The political issues posed by the Australian election crisis

6 July 2016

The uncertain result of the July 2 Australian election, with no party or group of parties yet in a position to form government, is the outcome of a profound crisis of the traditional forms of capitalist rule that prevails in country after country around the world.

In unprecedented numbers, Australian voters rejected the major capitalist parties—the Liberal-National Coalition and the Australian Labor Partyand incessant calls in the media for the election of a “stable, majority government.”

A profound disconnect exists between the political establishment, which serves only the interests of a financial and corporate elite, and the majority of the population, whose primary concerns are stagnant or falling wages, insecure employment, deteriorating services and the bleak future facing the younger generation. The lives of ordinary working people are dominated by instability and insecurity, as austerity measures imposed by Labor and Coalition governments since the onset of the global slump in 2008 compound decades of declining living standards.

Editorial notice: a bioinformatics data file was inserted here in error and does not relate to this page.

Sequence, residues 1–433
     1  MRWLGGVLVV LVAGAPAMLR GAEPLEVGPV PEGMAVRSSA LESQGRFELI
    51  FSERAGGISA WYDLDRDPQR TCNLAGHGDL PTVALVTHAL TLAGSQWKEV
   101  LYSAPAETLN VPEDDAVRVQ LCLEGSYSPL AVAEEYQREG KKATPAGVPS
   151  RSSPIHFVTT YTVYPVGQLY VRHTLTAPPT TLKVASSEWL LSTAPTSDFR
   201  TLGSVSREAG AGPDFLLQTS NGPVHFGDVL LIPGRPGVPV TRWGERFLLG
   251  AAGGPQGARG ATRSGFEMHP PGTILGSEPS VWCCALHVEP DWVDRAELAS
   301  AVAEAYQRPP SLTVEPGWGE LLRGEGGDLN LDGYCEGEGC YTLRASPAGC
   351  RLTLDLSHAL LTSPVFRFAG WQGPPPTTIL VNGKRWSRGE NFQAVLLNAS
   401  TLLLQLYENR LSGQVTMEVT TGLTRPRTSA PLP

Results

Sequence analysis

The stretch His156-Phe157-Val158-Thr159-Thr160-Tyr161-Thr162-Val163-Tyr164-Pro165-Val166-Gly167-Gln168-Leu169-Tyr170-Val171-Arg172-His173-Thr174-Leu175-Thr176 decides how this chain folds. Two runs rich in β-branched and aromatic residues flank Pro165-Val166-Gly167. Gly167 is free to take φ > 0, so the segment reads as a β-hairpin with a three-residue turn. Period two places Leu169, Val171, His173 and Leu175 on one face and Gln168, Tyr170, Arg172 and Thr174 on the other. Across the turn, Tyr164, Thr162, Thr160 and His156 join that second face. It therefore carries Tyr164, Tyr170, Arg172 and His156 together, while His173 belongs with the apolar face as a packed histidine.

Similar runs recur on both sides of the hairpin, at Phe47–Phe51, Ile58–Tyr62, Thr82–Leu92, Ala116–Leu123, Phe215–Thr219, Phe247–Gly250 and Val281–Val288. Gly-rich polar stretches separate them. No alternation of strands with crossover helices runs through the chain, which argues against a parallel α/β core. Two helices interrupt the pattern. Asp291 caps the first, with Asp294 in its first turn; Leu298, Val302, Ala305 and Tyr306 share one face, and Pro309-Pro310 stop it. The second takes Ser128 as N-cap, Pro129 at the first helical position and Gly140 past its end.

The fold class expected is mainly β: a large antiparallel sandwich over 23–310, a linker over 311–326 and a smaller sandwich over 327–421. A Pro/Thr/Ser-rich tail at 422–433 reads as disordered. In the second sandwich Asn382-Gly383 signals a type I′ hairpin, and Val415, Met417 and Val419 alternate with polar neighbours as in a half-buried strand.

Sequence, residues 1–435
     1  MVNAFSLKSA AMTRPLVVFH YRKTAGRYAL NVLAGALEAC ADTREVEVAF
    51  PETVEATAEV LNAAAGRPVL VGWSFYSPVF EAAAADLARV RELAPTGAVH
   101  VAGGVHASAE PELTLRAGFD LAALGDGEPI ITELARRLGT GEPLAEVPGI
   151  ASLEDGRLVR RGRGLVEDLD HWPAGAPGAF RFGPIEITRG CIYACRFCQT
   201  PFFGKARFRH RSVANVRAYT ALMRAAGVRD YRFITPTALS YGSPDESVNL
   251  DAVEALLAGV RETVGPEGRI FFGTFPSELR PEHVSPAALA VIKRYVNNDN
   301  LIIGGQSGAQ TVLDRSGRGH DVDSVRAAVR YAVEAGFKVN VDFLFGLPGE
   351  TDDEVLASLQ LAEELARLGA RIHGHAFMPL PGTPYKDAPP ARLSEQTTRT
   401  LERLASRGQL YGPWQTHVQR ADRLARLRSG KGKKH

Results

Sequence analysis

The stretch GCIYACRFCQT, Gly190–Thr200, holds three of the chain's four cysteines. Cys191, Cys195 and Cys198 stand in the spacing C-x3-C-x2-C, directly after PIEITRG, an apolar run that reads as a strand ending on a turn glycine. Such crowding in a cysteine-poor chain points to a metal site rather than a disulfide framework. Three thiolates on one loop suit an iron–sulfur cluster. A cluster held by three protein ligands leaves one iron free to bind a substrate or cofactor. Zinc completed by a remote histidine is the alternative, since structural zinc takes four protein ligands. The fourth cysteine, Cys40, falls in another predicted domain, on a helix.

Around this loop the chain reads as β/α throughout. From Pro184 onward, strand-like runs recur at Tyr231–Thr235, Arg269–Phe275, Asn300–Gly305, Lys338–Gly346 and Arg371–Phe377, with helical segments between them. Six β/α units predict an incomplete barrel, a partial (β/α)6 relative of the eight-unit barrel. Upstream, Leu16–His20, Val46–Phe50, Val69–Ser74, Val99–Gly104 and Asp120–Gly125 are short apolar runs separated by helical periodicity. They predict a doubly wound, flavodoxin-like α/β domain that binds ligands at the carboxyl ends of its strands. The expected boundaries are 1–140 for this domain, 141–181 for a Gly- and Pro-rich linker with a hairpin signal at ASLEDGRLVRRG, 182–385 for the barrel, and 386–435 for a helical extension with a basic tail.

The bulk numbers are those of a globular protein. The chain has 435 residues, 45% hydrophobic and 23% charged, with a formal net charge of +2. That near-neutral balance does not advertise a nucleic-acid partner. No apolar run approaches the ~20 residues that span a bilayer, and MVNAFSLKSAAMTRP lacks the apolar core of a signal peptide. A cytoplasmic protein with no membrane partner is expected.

For six years, Labor and the Coalition have resorted to anti-democratic conspiracies and shameless lies and populism to try to overcome their inability to win popular support for an agenda dictated by imperialist interests and the major banks and corporations.

In 2010, in order to swing Australian foreign policy behind the US military build-up against China, the Labor Party ousted Kevin Rudd as prime minister through an overnight factional coup and installed Julia Gillard, behind the backs of the population. Just months later, Labor suffered a debacle in the 2010 election and was forced to form the first minority government since 1941, relying, above all, on the support of the Greens to push through militarist and austerity policies.